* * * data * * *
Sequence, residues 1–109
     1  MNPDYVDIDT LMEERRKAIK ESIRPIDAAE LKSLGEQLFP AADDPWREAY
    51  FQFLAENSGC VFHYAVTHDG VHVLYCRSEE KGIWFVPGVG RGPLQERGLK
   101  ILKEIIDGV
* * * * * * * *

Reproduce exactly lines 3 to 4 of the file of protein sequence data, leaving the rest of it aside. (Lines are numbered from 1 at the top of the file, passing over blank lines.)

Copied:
    51  FQFLAENSGC VFHYAVTHDG VHVLYCRSEE KGIWFVPGVG RGPLQERGLK
   101  ILKEIIDGV